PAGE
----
The real question in the short term, then, is what this does to Monday's cert. grant in Hamdan [which I also had the ill-conceived notion to bloawg about earlier this week], since a fair reading of the Graham Amendment also cuts off the Supreme Court's jurisdiction to review Hamdan's habeas petition.

For students of federal courts (including the 25 who currently suffer through my blabbering every Tuesday and Thursday from 9:30 to 11 here at the U of M), this raises a fascinating confluence of four different important cases in the study of federal courts -- Marbury v. Madison, which bars Congress from altering the original jurisdiction of the Supreme Court; Ex parte McCardle, which sustains Congress's authority to deprive the Supreme Court of appellate jurisdiction, even though the Act depriving jurisdiction in that case was, like the Graham Amendment may eventually be, enacted while the appeal in that case was pending; Ex parte Yerger, which, following McCardle, held that the same statute at issue in McCardle did not deprive the Court of jurisdiction to consider habeas petitions filed in the Supreme Court in the first instance, and, in more modern times, Felker v. Turpin, which upheld the constitutionality of provisions of the Antiterrorism and Effective Death Penalty Act of 1996 (AEDPA) that stripped the Supreme Court of jurisdiction to hear certain types of habeas appeals, entirely because petitioners could, as in Yerger, still file originally in the Supreme Court.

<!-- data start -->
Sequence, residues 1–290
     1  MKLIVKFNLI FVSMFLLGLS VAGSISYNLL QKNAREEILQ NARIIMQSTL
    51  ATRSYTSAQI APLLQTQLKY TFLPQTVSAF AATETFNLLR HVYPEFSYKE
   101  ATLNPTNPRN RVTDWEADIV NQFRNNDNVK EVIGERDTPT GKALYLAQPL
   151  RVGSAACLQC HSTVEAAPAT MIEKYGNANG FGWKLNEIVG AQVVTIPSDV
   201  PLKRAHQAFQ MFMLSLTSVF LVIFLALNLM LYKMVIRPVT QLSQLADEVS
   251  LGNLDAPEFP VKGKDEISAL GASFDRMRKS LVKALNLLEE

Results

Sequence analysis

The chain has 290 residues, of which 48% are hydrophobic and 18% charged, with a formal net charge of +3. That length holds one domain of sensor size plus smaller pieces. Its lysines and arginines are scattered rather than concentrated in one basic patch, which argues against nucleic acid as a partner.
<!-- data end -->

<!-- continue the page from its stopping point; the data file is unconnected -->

So where does Hamdan fit?

It seems to me that Hamdan raises the question implicitly reserved in McCardle and Yerger, and explicitly reserved by Chief Justice Rehnquist in Felker v. Turpin -- Would a statute barring the Supreme Court from reviewing an entire class of habeas petitions either on appeal or initially filed in the Supreme Court run afoul of the Due Process and Suspension Clauses?